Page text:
Molecules of the year – 2019: twisty tetracene.

December 22nd, 2019

All of the molecules in this year’s C&EN list are fascinating in their very different ways. Here I take a look at the twisty tetracene (dodecaphenyltetracene) which is indeed very very twisty.[1]

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References

  1. Y. Xiao, J.T. Mague, R.H. Schmehl, F.M. Haque, and R.A. Pascal, "Dodecaphenyltetracene", Angewandte Chemie International Edition, vol. 58, pp. 2831-2833, 2019. http://dx.doi.org/10.1002/anie.201812418

L-Malic acid: An exercise in conformational analysis impacting upon optical rotatory dispersion (ORD).

December 20th, 2019

My momentum of describing early attempts to use optical rotation to correlate absolute configuration of small molecules such as glyceraldehyde and lactic acid with their optical rotations has carried me to L-Malic acid (below labelled as (S)-Malic acid).

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Molecules of the year – 2019: Topological molecular nanocarbons – All-benzene catenane and trefoil knot.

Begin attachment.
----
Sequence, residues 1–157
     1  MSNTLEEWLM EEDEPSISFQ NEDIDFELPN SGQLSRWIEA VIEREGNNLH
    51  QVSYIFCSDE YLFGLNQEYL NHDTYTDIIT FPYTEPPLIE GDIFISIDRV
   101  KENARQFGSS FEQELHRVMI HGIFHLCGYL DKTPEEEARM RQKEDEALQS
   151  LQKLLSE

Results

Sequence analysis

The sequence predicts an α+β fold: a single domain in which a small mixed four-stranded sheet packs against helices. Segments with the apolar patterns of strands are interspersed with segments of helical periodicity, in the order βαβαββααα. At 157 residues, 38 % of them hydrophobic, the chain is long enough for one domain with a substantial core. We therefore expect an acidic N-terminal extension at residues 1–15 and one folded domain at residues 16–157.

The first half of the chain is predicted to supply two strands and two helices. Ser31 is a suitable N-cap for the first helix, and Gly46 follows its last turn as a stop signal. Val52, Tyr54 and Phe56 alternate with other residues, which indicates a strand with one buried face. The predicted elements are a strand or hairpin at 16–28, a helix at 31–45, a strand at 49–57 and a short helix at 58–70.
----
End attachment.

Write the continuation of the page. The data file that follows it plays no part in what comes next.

December 15th, 2019

Here is another molecule of the year, on a topic close to my heart, the catenane systems 1 and the trefoil knot 2[1] Such topology is closely inter-twinned with three dimensions (literally) and I always find that the flat pages of a journal are simply insufficient to do them justice. So I set about finding the 3D coordinates.

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References

  1. Y. Segawa, M. Kuwayama, Y. Hijikata, M. Fushimi, T. Nishihara, J. Pirillo, J. Shirasaki, N. Kubota, and K. Itami, "Topological molecular nanocarbons: All-benzene catenane and trefoil knot", Science, vol. 365, pp. 272-276, 2019. http://dx.doi.org/10.1126/science.aav5021

Molecules of the year – 2019: the incredible chloride cage.

December 13th, 2019